Changes in rainfall did not happen evenly across the year. There were increasing or decreasing trends in spring at 24 of 30 sites between 1960 and 2019. Spring is an especially important time of year for agriculture and horticulture. The fewest changes were observed in autumn, when 12 sites had increasing or decreasing trends, and the remaining sites had no detectable trend.
Most sites with increasing rainfall also had more intense rainfall – the rain fell in a shorter period of time rather than being spread out over the year. Most sites with decreasing rainfall had less intense rainfall (see Changes to extreme rainfall are mixed).
Rainfall influences which plants can grow in an area. Most ecosystems are sensitive to changes in precipitation (mostly rain and snowfall). Differences in the long-term baseline rainfall can affect the structure, composition, and diversity of ecosystems (Weltzin et al., 2003). The seasonal timing of rainfall can also have important implications for water supply and management, agriculture and irrigation, hydroelectricity generation, and river ecosystems.
Changes to extreme rainfall are mixed
Extreme rainfall events are variable by nature. Because a warmer atmosphere is a more energetic atmosphere (and can hold more water vapour), the water cycle is intensified. This can result in more frequent and intense rainfall. Although trends in the frequency and size of intense rainfall events have been observed, these events do not happen often, so a longer record of data is needed to increase confidence in these findings.
More rain falling in intense events can increase the risk of floods, landslides, streambank erosion, and sedimentation. Flooding from intense rainfall events can cause widespread damage to the infrastructure, social, and economic systems we rely on. Studies that examined recent floods for a link to climate change found that the warmer climate had increased the likelihood of some events – Golden Bay 2011 (Dean, Rosier, Carey-Smith, & Stott, 2013) and Northland 2014 (Rosier et al., 2015).
The proportion of total rainfall arriving in extreme events (downpours versus light rain) increased at 13 sites and decreased at 11 sites (increases and decreases include both likely and very likely statistical trends) (see figure 17 and indicator: Extreme rainfall). Timaru (+2.0 percent per decade), Kerikeri (+1.6 percent per decade), Napier (+1.5 percent per decade), and Dunedin (+1.4 percent per decade) had among the largest average increases. The proportion of rain falling in extreme events decreased by 1.6 percent per decade in New Plymouth.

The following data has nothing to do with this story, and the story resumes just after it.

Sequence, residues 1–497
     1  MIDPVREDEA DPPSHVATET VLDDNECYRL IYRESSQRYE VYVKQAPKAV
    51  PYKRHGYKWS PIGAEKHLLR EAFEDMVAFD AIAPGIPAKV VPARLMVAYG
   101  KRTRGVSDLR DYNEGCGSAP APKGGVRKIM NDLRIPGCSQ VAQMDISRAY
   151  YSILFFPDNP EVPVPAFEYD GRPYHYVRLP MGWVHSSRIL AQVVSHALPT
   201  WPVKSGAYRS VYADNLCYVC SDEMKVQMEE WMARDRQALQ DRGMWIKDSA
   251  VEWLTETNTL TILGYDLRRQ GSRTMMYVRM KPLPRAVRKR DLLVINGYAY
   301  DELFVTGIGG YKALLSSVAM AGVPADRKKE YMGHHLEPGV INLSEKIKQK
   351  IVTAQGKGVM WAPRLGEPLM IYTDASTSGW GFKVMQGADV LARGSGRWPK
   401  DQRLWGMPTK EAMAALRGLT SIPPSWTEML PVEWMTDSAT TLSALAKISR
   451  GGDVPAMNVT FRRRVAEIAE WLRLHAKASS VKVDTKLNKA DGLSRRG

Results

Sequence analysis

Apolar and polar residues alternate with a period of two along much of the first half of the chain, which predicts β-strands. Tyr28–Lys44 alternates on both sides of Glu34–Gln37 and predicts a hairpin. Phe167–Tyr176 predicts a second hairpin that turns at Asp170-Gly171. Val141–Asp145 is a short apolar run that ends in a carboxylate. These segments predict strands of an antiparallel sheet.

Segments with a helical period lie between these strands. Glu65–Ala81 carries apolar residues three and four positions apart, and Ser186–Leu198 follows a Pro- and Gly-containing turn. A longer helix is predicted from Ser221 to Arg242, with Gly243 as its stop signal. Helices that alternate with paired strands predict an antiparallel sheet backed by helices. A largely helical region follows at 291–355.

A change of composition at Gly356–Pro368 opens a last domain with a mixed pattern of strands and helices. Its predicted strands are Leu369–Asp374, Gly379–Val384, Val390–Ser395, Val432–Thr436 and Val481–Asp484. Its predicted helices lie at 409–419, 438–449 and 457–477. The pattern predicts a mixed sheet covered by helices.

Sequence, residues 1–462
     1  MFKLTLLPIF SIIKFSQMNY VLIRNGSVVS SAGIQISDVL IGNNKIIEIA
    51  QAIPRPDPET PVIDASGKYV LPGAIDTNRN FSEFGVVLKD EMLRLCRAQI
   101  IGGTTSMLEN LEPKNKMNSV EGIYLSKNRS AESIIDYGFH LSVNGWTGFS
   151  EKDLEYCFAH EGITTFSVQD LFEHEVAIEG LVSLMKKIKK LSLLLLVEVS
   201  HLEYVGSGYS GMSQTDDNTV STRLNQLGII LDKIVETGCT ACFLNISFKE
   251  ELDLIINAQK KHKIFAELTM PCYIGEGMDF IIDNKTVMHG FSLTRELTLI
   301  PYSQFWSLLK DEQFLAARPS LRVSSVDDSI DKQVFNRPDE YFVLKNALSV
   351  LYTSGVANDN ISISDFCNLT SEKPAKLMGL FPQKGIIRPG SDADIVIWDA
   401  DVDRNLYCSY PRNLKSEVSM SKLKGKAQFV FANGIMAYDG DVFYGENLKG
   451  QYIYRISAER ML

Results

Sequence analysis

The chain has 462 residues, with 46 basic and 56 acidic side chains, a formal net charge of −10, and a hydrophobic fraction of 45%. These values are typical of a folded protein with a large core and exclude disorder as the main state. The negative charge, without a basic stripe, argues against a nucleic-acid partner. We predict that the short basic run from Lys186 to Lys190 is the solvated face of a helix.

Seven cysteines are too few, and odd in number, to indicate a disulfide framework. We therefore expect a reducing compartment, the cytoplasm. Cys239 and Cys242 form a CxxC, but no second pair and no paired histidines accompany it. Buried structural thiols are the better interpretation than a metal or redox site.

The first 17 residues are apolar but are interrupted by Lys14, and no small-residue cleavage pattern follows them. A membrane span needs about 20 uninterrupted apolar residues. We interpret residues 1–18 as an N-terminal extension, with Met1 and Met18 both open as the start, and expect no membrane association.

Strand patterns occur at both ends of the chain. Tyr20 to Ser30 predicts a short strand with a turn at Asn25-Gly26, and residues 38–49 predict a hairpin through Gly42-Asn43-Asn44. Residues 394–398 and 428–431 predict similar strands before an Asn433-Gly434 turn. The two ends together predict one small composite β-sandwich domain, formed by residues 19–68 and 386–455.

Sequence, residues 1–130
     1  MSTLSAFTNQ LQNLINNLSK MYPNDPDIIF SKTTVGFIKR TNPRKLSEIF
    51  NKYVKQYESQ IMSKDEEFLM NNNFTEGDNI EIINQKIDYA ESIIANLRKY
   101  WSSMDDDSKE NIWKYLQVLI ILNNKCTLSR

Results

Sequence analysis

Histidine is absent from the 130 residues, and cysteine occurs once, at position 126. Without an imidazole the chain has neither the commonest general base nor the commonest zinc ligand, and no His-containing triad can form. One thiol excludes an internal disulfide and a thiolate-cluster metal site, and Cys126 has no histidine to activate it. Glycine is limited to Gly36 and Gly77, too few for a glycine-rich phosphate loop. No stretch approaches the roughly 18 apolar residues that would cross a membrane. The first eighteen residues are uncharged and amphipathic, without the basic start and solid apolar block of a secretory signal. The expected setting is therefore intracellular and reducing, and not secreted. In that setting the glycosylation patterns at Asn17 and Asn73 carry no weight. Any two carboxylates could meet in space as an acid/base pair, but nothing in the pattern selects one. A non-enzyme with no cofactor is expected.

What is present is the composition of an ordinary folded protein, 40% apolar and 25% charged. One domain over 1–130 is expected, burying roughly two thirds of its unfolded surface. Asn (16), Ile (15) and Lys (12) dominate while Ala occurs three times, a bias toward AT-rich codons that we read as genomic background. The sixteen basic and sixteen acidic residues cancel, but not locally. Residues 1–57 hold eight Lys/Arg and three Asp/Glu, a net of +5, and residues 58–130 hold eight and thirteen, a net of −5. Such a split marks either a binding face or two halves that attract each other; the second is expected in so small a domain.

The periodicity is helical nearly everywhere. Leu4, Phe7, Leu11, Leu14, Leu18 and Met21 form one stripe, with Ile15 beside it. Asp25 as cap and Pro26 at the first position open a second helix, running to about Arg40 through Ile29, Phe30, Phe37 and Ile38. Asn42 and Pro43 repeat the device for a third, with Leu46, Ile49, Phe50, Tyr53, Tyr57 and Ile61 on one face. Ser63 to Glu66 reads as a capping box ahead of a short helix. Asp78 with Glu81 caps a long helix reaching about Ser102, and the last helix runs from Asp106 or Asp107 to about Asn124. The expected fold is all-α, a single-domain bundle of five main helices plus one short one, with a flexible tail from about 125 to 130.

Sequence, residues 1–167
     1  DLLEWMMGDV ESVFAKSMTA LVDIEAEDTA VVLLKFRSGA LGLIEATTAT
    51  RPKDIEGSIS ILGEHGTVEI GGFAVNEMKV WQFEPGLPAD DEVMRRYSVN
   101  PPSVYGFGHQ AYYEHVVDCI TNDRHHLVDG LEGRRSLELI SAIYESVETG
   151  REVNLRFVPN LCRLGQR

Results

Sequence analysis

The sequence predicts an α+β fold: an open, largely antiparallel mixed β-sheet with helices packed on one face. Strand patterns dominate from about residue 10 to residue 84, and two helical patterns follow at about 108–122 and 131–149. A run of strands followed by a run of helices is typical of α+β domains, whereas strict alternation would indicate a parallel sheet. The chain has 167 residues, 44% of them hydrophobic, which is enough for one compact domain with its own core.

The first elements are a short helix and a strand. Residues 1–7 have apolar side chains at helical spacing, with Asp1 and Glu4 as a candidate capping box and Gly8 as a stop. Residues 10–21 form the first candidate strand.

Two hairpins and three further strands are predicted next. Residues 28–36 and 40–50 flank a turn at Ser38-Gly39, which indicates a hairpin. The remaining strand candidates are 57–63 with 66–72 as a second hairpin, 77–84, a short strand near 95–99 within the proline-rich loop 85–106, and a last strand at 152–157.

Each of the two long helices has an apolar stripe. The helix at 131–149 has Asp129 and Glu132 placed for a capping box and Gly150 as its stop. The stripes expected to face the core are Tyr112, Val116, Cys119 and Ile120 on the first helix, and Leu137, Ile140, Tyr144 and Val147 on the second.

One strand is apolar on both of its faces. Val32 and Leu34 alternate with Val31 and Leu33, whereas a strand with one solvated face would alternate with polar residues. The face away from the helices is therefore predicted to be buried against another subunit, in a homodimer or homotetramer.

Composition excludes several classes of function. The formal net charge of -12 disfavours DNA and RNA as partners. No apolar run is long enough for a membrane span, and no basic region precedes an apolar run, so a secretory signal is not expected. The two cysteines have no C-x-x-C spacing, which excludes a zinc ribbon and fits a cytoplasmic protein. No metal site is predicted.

The number of days with extreme rainfall increased at 14 sites and decreased at 11. Of the 25 sites with an increasing or decreasing trend, all but two had the same trend in the proportion of rainfall occurring in extreme events.
Floods release decades-old rubbish from a landfill
Ex-tropical cyclone Trevor hit New Zealand in March 2019, bringing extreme rainfall to the west coast of the South Island. Heavy rain closed part of State Highway 6, caused slips, and destroyed the Waiho River Bridge south of Franz Josef. Stretches of road were damaged over a distance of hundreds of kilometres. This weather event is estimated to have caused $3.81 million of damage in Westland (Westland District Council, 2019a).
A state of emergency was declared, residents and businesses were affected by power cuts, some homes were flooded or evacuated, and one person died (New Zealand Government, 2019a). Stop banks and farmland were damaged, and the floodwaters tore through a disused landfill beside Fox River, exposing rubbish from previous decades (Westland District Council, 2019b).
The effects were widespread. About 135,000 kilograms of rubbish was washed 21 kilometres downstream through Westland Tai Poutini National Park to the Tasman Sea and strewn over 64 kilometres of coastline. Litter in the marine environment is recognised as a global concern – flooding can deliver it deep onto the sea floor and threaten these marine ecosystems (Pierdomenico et al, 2019).